Impact of breast surgery on survival in women presenting with metastatic breast cancer

Authors

Errata

This article is corrected by:

  1. Errata: Corrigendum: Impact of breast surgery on survival in women presenting with metastatic breast cancer Volume 99, Issue 1, 148, Article first published online: 1 December 2011

Abstract

Background:

Advanced breast cancer is common in less affluent parts of Asia. The impact of breast surgery on survival of women presenting with metastatic breast cancer in this setting was investigated.

Methods:

Women presenting with metastatic breast cancer at the initial diagnosis at the University Malaya Medical Centre (Malaysia) between 1993 and 2008 were included in the study. Mortality of patients who had primary breast surgery was compared with that of those without surgery, and adjusted for possible confounders by means of a propensity score.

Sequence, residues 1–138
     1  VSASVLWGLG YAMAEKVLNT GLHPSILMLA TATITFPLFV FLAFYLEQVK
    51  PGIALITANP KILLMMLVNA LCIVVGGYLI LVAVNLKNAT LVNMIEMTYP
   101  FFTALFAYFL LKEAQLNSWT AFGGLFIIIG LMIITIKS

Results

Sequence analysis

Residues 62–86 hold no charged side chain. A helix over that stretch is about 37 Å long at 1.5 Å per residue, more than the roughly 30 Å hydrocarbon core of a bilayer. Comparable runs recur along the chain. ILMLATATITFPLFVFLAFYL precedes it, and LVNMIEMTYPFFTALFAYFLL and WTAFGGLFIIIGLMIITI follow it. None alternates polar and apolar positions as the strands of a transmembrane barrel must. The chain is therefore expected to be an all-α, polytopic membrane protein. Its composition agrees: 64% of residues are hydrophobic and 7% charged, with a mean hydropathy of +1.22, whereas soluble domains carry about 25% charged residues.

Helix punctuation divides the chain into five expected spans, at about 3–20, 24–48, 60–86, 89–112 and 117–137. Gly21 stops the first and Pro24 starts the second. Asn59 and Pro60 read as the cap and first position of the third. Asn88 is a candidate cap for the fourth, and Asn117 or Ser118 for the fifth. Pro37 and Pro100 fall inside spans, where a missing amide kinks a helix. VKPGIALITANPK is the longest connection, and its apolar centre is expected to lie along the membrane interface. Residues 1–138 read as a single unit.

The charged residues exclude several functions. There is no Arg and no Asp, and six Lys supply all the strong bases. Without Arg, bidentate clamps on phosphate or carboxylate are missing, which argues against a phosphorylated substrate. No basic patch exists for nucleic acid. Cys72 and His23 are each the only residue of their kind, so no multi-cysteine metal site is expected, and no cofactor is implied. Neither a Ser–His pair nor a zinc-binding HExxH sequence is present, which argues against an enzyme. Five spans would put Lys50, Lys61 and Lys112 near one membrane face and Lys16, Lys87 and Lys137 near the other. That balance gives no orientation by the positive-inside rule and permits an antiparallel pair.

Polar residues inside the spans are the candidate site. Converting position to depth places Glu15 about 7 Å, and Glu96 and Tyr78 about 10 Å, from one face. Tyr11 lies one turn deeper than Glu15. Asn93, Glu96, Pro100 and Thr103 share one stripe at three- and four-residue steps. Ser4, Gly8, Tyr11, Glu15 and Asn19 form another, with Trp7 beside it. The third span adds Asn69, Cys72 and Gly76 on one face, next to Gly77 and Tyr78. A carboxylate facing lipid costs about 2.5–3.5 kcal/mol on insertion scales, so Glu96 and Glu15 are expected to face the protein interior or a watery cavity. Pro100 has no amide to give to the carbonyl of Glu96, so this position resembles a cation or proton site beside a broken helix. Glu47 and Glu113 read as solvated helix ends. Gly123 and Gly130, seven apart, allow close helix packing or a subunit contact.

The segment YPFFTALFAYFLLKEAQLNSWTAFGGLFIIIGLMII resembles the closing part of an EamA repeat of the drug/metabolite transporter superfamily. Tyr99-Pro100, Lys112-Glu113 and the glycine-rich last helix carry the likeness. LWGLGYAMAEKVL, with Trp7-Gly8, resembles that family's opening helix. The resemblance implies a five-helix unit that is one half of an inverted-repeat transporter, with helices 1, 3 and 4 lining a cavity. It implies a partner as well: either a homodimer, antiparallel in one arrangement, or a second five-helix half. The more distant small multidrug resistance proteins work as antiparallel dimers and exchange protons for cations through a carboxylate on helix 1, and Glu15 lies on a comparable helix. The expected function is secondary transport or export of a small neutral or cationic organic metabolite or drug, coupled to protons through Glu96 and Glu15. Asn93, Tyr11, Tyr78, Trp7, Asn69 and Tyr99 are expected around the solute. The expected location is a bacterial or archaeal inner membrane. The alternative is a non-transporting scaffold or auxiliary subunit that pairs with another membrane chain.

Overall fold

Results:

Of 3689 patients, 375 (10·2 per cent) presented with metastatic disease. One hundred and thirty-nine patients (37·1 per cent) underwent surgery. A total of 330 deaths occurred during 6814 person-months of follow-up. The 2-year survival rate was 21·2 (95 per cent confidence interval (c.i.) 15·9 to 26·5) per cent in women who did not have surgery and 46·3 (37·7 to 54·9) per cent in those who had breast surgery. Breast surgery was associated with a 28 per cent lower risk of death (hazard ratio 0·72, 95 per cent c.i. 0·56 to 0·94), after adjustment for patient and tumour characteristics, metastatic profile and treatment.

Conclusion:

Surgical resection of the primary breast tumour was independently associated with a survival advantage in patients presenting with metastatic breast cancer. Copyright © 2011 British Journal of Surgery Society Ltd. Published by John Wiley & Sons, Ltd.

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